Compare offers. Once you’ve narrowed your choices, compare offers to find out which ones are the best value. Because the number of miles and other terms will differ, the best way to do this by comparing per mile costs. To calculate this for each vehicle, take the total cost of the payments plus any fees or other charges, subtract any incentives and then divide that by the number of miles left on the lease.

By comparing costs for six similar 2018 Toyota Camry lease transfer offers, we came up costs ranging from 20 cents to 43 cents a mile. Some of the per mile costs were higher than those of leasing a brand-new Camry, which underscores why you need to do your homework.

Contact leasee

You’re now ready to contact a few leasees to find out more about their vehicles and to see whether you can negotiate better deals. To do this on a lease-trading website, you’ll have to pay a registration fee, a one-time fee of $50 to 60 at Swapalease and $10 to $35 monthly at LeaseTrader.

TIP: It’s possible to negotiate the leasee’s cash incentive and who pays any additional charges, including the lease transfer and website registration or other fees. (Along with its registration fee, LeaseTrader imposes a lease initiation charge of $150 to $200.)

Check out the lease contract and the vehicle. If you decide to go ahead with the transfer, ask the leasee to give you a copy of the original lease contract, and verify that it’s exactly as the leasee represents, including the monthly payment, term and excess mileage charges. Also make sure the vehicle’s condition and features match the advertised description. After checking the car yourself, have it thoroughly inspected by your mechanic and ask for a written report. Expect to pay at least $100 for this service. Finally, check the vehicle for any unresolved safety recalls, which a dealer who sells that make and model new can address for free.

Review the deal carefully. Double check to make sure the lease payments and insurance costs fit into your budget. If you later decide you made a mistake, you may be stuck. Some finance companies won’t allow more than one lease transfer on the same vehicle, says Hall. Once you and the leasee agree on the deal, says Hall, it takes an average of two weeks to complete the transfer.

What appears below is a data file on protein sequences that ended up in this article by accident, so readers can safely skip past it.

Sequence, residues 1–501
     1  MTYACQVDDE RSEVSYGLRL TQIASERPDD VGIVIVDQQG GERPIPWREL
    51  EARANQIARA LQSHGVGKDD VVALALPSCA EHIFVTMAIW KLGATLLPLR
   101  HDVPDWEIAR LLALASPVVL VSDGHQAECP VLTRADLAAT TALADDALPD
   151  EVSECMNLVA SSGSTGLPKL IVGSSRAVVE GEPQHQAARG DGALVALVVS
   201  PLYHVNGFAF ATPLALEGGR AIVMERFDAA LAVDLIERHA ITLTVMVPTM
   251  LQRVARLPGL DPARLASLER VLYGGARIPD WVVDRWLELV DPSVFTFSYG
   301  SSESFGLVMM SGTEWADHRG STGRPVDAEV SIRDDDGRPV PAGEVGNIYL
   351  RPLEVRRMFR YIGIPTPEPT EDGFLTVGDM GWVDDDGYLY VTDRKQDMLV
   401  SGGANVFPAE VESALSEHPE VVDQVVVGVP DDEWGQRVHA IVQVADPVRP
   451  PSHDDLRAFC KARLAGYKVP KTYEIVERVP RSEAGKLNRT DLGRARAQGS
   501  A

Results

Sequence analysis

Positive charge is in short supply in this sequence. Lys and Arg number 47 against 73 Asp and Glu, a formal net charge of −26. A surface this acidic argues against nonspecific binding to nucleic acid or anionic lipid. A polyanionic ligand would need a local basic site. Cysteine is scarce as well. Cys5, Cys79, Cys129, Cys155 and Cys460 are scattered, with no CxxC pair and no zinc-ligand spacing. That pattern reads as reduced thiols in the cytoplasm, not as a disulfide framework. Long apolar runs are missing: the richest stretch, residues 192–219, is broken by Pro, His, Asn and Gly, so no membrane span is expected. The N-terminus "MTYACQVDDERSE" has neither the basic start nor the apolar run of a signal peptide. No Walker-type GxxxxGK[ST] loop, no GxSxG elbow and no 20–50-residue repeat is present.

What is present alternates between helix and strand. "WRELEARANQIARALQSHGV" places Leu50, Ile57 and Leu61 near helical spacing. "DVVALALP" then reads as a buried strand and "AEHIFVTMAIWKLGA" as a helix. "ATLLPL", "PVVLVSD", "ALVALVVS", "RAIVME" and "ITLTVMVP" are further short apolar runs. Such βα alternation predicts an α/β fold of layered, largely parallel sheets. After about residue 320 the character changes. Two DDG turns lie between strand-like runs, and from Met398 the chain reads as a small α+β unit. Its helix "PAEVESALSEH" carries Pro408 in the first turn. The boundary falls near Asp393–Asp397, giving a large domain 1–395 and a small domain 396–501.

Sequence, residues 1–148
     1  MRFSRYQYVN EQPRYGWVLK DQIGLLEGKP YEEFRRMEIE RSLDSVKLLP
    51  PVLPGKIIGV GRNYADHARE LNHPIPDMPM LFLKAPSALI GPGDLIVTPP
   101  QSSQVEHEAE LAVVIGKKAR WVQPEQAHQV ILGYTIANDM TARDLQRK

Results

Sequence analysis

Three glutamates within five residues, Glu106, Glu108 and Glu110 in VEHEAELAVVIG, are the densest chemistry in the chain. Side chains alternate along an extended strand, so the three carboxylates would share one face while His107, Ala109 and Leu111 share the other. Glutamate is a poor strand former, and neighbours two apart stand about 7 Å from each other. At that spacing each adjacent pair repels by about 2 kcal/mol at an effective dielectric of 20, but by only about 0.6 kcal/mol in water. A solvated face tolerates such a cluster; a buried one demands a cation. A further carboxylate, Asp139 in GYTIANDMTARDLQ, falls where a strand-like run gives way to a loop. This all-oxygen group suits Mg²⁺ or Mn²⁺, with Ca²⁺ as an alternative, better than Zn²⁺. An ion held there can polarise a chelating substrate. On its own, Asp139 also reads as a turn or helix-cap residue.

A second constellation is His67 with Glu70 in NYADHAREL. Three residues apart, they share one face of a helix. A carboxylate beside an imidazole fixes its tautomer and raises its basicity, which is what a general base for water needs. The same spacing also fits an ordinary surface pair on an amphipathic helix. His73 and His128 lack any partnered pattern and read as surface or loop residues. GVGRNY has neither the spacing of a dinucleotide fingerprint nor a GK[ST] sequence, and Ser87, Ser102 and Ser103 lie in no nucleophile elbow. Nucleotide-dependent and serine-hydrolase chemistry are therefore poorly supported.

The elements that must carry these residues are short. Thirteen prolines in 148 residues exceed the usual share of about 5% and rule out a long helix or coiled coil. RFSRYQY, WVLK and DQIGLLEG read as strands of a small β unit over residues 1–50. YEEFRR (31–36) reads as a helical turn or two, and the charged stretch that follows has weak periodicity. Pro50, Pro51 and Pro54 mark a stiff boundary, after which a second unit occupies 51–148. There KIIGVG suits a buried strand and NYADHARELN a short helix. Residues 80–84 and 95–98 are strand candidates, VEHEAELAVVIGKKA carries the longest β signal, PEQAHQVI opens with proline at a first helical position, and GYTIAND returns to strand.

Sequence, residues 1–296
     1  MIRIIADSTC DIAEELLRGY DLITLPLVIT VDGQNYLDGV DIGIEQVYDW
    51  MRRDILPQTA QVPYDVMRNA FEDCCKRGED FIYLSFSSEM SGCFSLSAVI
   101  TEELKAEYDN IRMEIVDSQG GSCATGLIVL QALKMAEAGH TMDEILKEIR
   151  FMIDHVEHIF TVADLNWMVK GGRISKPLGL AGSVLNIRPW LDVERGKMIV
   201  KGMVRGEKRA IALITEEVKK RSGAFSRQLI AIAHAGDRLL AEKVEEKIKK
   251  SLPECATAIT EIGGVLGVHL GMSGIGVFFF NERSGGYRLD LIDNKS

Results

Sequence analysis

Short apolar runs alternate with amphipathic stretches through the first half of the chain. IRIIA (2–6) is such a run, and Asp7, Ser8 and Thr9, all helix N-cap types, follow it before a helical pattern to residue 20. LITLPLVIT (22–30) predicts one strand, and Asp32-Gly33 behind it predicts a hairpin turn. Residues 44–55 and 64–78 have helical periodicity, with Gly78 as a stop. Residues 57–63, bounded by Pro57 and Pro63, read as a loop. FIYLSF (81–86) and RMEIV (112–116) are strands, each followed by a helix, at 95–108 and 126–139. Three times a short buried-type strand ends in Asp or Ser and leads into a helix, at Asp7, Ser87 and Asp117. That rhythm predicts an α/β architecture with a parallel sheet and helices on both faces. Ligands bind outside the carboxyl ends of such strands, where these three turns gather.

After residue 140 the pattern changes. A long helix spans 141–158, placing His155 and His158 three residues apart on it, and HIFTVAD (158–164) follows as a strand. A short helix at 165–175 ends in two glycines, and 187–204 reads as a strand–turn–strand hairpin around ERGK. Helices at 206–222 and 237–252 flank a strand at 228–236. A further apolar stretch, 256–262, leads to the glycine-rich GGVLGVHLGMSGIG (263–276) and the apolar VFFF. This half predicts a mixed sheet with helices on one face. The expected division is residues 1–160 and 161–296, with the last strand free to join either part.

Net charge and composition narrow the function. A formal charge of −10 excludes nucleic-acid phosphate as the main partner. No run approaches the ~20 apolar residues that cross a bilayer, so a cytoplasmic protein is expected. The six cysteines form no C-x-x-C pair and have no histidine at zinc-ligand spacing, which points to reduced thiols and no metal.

Alternatives to taking over someone’s car lease

Taking over someone else’s lease might make sense, especially if you need a car for only a relatively short period. But there are other ways to get the same or better deal:

  • Consider a traditional new-car lease instead — as we mentioned earlier, we found new-car leases that were less expensive per mile than some advertised lease transfers. You could even lease a used car without taking over someone’s lease.
  • Or, buy a new or used car that you can afford. We recommend at least a 10% down payment and the shortest loan possible. Here’s why you shouldn’t take out a long auto loan. Another good rule of thumb is that the monthly payment and insurance cost for that vehicle shouldn’t exceed more than 15% to 20% of your monthly net income.

If you think a lease transfer deal is right for you, compare offers carefully. Even then, it’s difficult to determine whether the deal is a good value or you’re overpaying. And it’s important to remember that you’ll be subject to the same limitations as the original leasee, including limits on the number of miles you’re allowed to drive without incurring a penalty.

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Seven Steps for Getting a Great First Car

Editorial Note: The content of this article is based on the author’s opinions and recommendations alone. It may not have been previewed, commissioned or otherwise endorsed by any of our network partners.